Southerly 73.1

The Political Imagination

At the core of this issue of Southerly – its first section – is a collection of essays originating in papers delivered at The Political Imagination: Contemporary Diasporic and Postcolonial Poetries, a conference held at the City Campus of Deakin University on 12th and 13th April 2012. This collection has been edited for us by Ann Vickery and Ali Alizadeh, of Deakin and Monash Universities respectively, and is presented to our readers in the clear sense that it reflects a significant development in literary criticism, poetics, and literary theory.

In the rest of the issue we present, with thanks to Alan Gold and Kate Lilley, our fiction and poetry editors, Southerly’s usual selection of the best of new Australian poetry and short fiction, from established authors as well as from writers relatively new to the scene, and a generous selection of reviews of recent Australian poetry and fiction, edited for us by Toby Fitch and Kate Livett, our reviews editors. These selections are extended in The Long Paddock, our free to the public online component. The Long Paddock has become a more and more integral part of each issue of Southerly. Please make sure that you peruse it!

Now and again, for all the best of our editorial efforts and intentions, a gremlin will strike. It has been brought to our notice that “And I wanted to be”, a poem by Kerry Reed-Gilbert on page 177 of our issue A Handful of Sand, guest edited by Ali Cobby Eckermann and Lionel Fogarty, was misattributed to Trevor Deshung. We apologise to both Kerry and Trevor for this error. I would hope that it goes without question that we take all the care we can to represent out contributors faithfully, poets, fiction writers, essayists and reviewers alike (whether or not we agree with all that they say!).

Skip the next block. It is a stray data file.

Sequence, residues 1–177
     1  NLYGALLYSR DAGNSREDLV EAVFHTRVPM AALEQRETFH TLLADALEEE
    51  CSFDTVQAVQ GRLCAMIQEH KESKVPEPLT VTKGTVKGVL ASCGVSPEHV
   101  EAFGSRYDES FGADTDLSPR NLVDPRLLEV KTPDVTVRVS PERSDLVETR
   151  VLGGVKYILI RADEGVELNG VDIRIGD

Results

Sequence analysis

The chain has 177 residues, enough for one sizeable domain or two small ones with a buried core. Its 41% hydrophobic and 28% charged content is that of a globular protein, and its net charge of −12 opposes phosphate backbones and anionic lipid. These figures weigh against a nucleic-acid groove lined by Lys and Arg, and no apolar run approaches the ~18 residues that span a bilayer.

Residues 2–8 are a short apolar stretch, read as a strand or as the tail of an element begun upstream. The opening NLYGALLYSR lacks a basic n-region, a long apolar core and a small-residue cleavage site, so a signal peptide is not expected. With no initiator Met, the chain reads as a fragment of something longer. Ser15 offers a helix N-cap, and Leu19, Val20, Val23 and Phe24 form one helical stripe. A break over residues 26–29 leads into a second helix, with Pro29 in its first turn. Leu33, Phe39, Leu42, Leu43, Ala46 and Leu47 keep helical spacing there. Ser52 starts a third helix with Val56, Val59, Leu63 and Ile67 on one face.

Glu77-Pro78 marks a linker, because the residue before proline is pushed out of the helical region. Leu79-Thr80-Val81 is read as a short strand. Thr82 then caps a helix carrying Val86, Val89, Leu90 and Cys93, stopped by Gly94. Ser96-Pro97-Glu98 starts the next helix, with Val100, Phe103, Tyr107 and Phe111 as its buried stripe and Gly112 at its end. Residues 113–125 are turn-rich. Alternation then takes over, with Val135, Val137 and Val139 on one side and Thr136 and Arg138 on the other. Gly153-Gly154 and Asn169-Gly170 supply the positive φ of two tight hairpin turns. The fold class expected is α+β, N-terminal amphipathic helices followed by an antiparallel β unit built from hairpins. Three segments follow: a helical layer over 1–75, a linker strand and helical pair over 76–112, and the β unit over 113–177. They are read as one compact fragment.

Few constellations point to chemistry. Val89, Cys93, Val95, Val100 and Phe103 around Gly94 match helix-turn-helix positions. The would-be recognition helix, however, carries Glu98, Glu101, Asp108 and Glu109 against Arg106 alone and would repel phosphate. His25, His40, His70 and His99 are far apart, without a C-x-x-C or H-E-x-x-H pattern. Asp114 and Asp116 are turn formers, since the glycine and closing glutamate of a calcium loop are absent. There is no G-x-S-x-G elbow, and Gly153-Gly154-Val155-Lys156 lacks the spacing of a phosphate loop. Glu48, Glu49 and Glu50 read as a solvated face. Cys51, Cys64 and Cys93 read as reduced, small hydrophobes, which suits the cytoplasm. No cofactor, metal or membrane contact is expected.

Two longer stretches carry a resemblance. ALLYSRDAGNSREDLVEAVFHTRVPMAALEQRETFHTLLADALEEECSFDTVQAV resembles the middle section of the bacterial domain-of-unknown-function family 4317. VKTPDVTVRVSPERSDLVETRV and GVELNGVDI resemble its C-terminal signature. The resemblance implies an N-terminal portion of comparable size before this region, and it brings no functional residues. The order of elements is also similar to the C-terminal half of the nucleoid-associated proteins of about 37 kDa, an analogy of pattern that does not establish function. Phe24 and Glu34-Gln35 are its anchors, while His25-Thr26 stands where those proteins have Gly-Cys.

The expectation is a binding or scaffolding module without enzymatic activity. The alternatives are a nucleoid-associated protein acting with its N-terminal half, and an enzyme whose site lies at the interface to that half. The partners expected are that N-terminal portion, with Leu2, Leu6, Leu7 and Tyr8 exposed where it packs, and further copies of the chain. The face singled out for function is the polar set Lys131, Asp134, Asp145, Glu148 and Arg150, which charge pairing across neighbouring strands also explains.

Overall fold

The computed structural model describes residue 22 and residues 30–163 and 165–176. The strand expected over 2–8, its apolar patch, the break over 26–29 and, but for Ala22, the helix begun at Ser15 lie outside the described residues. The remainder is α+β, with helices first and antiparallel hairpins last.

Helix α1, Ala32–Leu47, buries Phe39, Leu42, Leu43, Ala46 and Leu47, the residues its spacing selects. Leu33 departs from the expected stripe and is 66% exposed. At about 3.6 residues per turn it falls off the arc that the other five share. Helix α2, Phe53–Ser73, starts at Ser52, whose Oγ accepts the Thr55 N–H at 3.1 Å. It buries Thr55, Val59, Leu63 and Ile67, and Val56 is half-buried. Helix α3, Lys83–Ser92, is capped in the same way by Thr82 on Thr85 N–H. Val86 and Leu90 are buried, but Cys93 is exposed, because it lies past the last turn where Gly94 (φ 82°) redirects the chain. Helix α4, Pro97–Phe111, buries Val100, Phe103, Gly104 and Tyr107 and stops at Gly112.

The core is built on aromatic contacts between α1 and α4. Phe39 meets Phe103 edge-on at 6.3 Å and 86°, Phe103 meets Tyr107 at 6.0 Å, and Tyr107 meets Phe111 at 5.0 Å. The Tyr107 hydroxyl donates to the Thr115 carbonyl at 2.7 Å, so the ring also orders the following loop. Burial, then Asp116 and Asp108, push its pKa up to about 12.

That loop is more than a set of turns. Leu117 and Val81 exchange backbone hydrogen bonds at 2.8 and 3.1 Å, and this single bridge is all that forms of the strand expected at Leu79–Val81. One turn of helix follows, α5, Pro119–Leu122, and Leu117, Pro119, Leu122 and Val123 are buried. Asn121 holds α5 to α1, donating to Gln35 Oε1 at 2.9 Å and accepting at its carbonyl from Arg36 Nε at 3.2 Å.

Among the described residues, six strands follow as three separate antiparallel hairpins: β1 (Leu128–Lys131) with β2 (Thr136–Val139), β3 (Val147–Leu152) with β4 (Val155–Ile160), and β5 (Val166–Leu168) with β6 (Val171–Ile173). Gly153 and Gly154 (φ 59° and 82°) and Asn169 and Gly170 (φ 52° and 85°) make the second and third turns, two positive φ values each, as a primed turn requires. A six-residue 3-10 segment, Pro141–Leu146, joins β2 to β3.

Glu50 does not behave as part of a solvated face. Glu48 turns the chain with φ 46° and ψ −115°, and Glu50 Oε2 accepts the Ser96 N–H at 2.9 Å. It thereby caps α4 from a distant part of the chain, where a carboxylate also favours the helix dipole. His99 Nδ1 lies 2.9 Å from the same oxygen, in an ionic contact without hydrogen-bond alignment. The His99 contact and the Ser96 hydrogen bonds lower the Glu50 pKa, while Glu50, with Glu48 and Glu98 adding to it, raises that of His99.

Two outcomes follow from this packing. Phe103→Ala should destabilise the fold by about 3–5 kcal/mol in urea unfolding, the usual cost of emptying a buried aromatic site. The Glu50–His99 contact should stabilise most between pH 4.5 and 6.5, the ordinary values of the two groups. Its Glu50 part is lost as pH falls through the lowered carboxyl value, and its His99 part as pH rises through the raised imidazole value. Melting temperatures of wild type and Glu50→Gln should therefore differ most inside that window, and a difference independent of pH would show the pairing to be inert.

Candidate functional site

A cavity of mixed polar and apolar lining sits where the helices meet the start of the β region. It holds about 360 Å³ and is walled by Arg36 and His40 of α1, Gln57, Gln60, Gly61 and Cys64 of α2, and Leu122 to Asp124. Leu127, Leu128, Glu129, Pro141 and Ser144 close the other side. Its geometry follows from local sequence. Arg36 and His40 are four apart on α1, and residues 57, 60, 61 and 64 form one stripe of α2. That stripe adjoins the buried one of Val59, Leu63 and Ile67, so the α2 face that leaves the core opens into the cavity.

David Brooks




Ann Vickery and Ali Alizadeh, The Political Imagination: Postcolonialism and Diaspora in Contemporary Australian Poetry
Lucy Van, “Why Waste Lines on Achille?”: Tracing the Critical Discourse on Postcolonial Poetry through Untimeliness to the Present
Lyn McCredden, (Un)Belonging in Australia: Poetry and Nation
Ali Alizadeh and Penelope Pitt-Alizadeh, Metapolitics vs. Identity Politics: (Re-)Radicalising the Postcolonial 57
Timothy Yu, On Asian Australian Poetry
Ania Walwicz, Cut Tongue and the Mechanism of Defence
Danijela Kambaskovic, Breaching the social contract: the migrant poet and the politics of being apolitical
Adam Aitken, A poetics of (un)becoming hybridity
Michael Farrell, An “Infinitely Flexible” Space: Reading Michael Dransfield’s “Courland Penders” poems through the Neobaroque and Dobrez’s theory of “the Pouch”
Peter Minter, Archipelagos of sense: thinking about a decolonised Australian poetics


Peter Boyle, Towns in the Great Desert
Danijela Kambaskovic, Belgrade Sunday Lunch
Luke Fischer, Tübingen
Louise Crisp, Washout–Briar–Gulch
πo, 33 3333
Adrienne Eberhard, Chasing Marie Antoinette All Over Paris
Liam Ferney, I Live Off You
Matthew Spence, In Collection
Vaughan Rapatahana, Home in j. pineda
Geoff Page, Horseback
John Tranter, Nitrile


Angela Rojter, A Small Piece of White Cloud
Stephen Orr, Extract from An Australian Wake
Rachel Leary, God’s Lost Sheep
Jeremy Fisher, Ready to dance
Louise D’Arcy, The Spiny Freshwater Crayfish


Jal Nicholl on Michael Farrell, open sesame and Jennifer Maiden, Liquid Nitrogen
Tim Grey on Michael Brennan, Autoethnographic
Marilla North on David Brooks, The Conversation
Nicola Themistes on Keri Glastonbury, grit salute and Jill Jones, Ash is Here, So are Stars
Kate Livett on Marion May Campbell, konkretion
Sam Franzway on Vikki Wakefield, Friday Brown
Josh Mei-Ling Dubrau on Jacqueline Wright, Red Dirt Talking



Click here for the Long Paddock…


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